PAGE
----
As a starting point, I decided to look for low hanging fruits, such as DLL hijacking in services running as NT AUTHORITY\System. The idea is to monitor services that can be started or at least “influenced” by a regular user. To do so, I made a very simple PowerShell script that checks whether a service has been started or stopped every second.

In the background, I always run Process Monitor to log filesystem operations. I simply configure the filter to only show operations involving *.dll files and returning a NAME NOT FOUND error code. Then, I tried to start every service I could without admin privileges one at a time. Unfortunately, I didn’t find anything with this method. What I did find though is the following.

While Process Monitor was running in the background, it captured some attempts to open the file windowscoredeviceinfo.dll on a regular basis. The frequency varied, it could happen every hour or every 30 minutes for example. The properties of the event showed the Command Line of the process: C:\WINDOWS\System32\svchost.exe -k utcsvc -p.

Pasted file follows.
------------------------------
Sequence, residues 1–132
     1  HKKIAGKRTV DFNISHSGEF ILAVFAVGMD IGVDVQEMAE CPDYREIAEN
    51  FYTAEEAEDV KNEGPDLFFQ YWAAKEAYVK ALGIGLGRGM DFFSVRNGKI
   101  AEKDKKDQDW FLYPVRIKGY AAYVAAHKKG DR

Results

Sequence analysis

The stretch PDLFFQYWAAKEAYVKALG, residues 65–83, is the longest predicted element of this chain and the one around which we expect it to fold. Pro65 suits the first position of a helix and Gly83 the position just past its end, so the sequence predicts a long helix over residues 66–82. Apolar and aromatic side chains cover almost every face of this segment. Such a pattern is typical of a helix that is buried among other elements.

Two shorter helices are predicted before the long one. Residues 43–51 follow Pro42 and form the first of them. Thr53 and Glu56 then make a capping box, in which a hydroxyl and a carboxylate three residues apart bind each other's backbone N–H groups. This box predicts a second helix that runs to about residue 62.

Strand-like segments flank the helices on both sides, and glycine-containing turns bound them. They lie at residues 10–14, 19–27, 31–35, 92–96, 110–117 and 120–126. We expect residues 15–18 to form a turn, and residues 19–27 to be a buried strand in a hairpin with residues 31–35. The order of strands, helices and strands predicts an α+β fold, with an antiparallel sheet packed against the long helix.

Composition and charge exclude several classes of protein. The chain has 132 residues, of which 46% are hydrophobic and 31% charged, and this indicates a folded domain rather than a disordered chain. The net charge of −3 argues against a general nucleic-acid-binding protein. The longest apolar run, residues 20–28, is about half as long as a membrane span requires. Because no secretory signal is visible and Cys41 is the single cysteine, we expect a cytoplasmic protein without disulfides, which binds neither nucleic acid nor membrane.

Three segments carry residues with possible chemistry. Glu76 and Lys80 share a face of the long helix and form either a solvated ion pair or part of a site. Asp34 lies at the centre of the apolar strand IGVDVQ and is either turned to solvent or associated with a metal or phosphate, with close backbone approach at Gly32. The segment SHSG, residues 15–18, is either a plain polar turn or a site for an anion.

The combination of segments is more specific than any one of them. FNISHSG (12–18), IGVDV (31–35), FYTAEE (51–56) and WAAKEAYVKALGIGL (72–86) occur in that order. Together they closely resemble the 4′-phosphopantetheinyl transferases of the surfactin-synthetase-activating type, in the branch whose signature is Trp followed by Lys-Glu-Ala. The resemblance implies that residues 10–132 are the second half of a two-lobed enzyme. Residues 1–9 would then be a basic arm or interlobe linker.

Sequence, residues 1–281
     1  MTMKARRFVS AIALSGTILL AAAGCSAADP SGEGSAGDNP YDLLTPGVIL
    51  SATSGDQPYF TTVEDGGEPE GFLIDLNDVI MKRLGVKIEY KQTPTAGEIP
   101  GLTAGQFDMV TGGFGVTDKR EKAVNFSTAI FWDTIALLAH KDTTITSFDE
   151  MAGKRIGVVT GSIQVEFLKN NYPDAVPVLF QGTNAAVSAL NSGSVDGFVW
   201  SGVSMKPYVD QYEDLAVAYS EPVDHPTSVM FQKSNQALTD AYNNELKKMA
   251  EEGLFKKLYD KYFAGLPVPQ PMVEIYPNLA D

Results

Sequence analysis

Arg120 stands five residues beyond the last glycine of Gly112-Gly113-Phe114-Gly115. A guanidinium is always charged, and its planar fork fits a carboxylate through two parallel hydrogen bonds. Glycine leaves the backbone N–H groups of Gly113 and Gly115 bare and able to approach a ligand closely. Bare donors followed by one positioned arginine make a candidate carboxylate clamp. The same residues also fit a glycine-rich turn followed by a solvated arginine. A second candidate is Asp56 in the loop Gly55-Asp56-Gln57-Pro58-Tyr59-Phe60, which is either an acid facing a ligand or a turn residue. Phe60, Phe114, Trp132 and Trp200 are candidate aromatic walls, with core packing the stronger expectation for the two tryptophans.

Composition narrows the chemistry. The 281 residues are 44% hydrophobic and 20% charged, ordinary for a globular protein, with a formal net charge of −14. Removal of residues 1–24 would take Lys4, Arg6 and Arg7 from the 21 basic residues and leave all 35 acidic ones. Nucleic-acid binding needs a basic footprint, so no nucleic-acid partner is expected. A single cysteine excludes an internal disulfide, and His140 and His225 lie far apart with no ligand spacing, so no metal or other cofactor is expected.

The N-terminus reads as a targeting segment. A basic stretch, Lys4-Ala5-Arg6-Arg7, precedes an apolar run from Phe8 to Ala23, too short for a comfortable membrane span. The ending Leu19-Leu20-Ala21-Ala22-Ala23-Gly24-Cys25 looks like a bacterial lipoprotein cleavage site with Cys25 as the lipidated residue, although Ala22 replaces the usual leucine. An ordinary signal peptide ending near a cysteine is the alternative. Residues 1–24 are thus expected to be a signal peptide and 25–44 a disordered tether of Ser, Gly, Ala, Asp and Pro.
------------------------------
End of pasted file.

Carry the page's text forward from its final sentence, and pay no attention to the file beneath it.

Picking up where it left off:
Knowing this, the corresponding service can easily be found with the following PowerShell command for example. In this case, it is DiagTrack.

Note: I could also have used the PID of the process and looked for it in the task manager for example. The downside of this method is that the process could terminate before you have the time to check.

Our first target: DiagTrack